Two new laws expanding the legal framework for repression were passed in record time in April. A new deceptive legislative scheme aided this process, with significant amendments passed under the guise of revisions before the second reading, even though such changes are only supposed to be technical in nature. Thus, the increase of sentences for the crimes of terrorism and treason, as well as the new Article 284.3 of the Criminal Code — 'Providing Assistance in the Execution of Verdicts by International Organisations in Which the Russian Federation is Not a Participant or by Foreign State Bodies' — were incorporated into a November bill that was only intended to be a minor expansion of Article 281 ('Diversion').
In a similar vein, the contentious bill on electronic military summons was passed. Further, in April, a slew of additional amendments aimed at strengthening the authoritarian regime and increasing pressure on citizens were introduced, including amendments to simplify the prosecution of minors, a rule allowing for the cancellation of minor and medium-level criminal cases if a defendant voluntarily agrees to take part in the ‘special military operation’, and others. According to OVD-Info monitoring, the Duma has considered 38 new repressive laws since the beginning of the war, 33 of which have passed in at least one reading.
The intensity of criminal persecution for anti-war protests continues to rise. According to OVD-Info, the number of defendants involved in relevant criminal cases had risen to 537 by April 24, with 50 new cases reported in the 30 days prior. As previously described by Re: Russia, in recent months there has been an average of approximately one new criminal case opened per day, with the number of new defendants rising to 37 in March and reaching a new high in April. Moreover, the record number of anti-war convictions handed down in a month is now 32 (up from 26 the previous month), and the number of resulting convictions with prison sentences is 19 (up from 12 in March). As a result, the number of verdicts handed down in the last three months now stands at 73, 42 of which resulted in prison sentences, while only 93 verdicts were handed down between March 2022 and January 2023, with only 23 of these resulting in prison sentences. According to OVD-Info, 17 people were sentenced to terms of up to 3 years in prison between April 2022 and April 2023, 10 people were sentenced to 3-5 years, 24 people were handed sentences of 5-10 years, seven people were sentenced to more than ten years, and one person (Vladimir Kara-Murza) was sentenced to 25 years. In addition, OVD-Info monitoring identified 265 new administrative cases involving ‘discrediting’ the army (all of which have the potential to become criminal cases under the prejudice principle).
A new trend in recent months has been the filing of cases under national security articles (treason, espionage, and confidential cooperation with a foreign state). According to the First Division, 21 cases were filed under these provisions in the first three and a half months of 2023, this is compared to only 25 such cases in the entire year of 2022. Cases were opened under these articles in Sakhalin, Rostov, Tver, Sverdlovsk, Khabarovsk Krai, and Moscow. Among the reasons for the opening of such cases were money transfers to Ukraine and an alleged intent to join the AFU. This pattern adds to the growing number of cases involving ‘sabotage’ and ‘terrorism’ that have been initiated in connection with the arson of military enlistment offices and ‘railway protests.’ Thus, hundreds of people are now being prosecuted for expressing anti-war views, and the repression machine is gaining steam in its prosecution of such people. Further, 32 people involved in these ‘anti-war’ criminal cases were subjected to physical violence and torture in April.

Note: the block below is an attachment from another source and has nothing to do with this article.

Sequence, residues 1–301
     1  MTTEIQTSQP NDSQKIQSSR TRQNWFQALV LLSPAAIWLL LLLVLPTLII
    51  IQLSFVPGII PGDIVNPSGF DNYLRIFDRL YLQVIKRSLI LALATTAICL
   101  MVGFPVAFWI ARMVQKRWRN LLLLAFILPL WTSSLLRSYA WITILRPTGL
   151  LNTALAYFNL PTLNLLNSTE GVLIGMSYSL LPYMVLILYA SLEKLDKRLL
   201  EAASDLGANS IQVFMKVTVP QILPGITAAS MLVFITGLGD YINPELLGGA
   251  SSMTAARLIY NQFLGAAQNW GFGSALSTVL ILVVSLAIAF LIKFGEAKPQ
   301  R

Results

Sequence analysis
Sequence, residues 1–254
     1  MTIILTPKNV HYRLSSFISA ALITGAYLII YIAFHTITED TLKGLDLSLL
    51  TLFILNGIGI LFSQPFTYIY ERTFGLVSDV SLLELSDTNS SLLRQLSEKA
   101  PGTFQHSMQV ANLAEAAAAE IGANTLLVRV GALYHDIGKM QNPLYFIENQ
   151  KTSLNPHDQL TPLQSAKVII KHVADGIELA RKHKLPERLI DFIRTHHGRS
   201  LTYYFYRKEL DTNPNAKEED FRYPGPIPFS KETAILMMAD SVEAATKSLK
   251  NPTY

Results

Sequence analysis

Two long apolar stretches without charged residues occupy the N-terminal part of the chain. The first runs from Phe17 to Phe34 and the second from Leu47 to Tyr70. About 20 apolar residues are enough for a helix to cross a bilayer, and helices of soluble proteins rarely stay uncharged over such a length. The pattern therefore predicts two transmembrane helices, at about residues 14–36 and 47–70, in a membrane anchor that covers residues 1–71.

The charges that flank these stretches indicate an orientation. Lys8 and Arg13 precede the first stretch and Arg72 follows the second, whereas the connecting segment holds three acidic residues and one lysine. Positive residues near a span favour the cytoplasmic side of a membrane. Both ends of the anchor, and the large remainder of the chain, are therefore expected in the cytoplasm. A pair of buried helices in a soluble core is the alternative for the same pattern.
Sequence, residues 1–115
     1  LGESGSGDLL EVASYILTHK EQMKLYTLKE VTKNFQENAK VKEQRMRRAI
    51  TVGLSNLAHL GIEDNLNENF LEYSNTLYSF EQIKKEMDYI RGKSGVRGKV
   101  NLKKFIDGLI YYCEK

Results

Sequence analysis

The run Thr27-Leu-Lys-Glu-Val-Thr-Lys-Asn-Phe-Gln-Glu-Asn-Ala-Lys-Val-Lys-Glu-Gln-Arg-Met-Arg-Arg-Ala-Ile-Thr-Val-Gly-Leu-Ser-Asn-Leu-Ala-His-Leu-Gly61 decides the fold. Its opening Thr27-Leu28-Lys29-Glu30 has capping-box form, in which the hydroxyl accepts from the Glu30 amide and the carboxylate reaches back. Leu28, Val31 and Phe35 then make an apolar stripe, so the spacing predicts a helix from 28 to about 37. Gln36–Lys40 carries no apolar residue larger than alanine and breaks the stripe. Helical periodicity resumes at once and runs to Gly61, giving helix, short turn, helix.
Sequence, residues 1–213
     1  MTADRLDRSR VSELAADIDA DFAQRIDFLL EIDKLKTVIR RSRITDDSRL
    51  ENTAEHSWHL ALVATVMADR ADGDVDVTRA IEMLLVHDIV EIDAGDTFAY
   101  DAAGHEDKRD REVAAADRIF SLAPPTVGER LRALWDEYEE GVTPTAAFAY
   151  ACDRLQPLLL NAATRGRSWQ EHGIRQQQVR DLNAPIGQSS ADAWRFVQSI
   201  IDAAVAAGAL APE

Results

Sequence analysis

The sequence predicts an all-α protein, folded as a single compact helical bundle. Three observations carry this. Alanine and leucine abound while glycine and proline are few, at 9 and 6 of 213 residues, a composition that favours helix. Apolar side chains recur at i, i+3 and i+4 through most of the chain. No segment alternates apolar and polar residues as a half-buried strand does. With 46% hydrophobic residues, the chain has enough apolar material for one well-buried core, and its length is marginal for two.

In April of this year, there were three new cases of the persecution of journalists (a total of 37 journalists have been criminally prosecuted for their anti-war stance since the beginning of the year). The most high-profile case is that of Wall Street Journal reporter Evan Gershkovich, who has been charged with espionage (Article 276 of the Criminal Code). Moreover, criminal cases have been filed against RusNews journalist Roman Ivanov (three cases involving ‘fakes’ about the army) and DOXA journalist Maria Menshikova (for ‘calls to terrorism’).
The unified register of foreign agents had 21 new additions in April, including media publications, public figures, NGOs, projects supporting the LGBT community, among others. The dynamics here are fairly consistent: the register has had 71 items added to it since the beginning of the year, compared to the 268 added during the first 12 months of the war. On two occasions, ‘foreign agents’ were fined for breaking the law: journalist Sofia Ivanova was fined for writing ‘strannyi agent’ (‘strange agent’) instead of “inostrannyi agentи (‘foreign agent’) in the mandatory foreign agent banner required by law to be placed at the beginning of any content created by those registered as foreign agents. Meanwhile, the human rights organisation Man and Law was fined for reposting a video without this aforementioned ‘foreign agent’ banner. It should be noted that after two violations of the administrative code, the law allows for a criminal case to be opened under Article 330.1 of the Criminal Code (‘malicious evasion of duties imposed by law regarding foreign agents’), which can result in up to five years in prison.
Five organisations were labelled ‘undesirable,’ a monthly high since the invasion of Ukraine began. The most high-profile of such cases was the labelling of Free University as ‘undesirable’. This is a humanities and social sciences-focused online educational project. As a result, the ‘undesirable’ label can be viewed as a repressive tool primarily used against infrastructure projects aimed at those who are still inside Russia.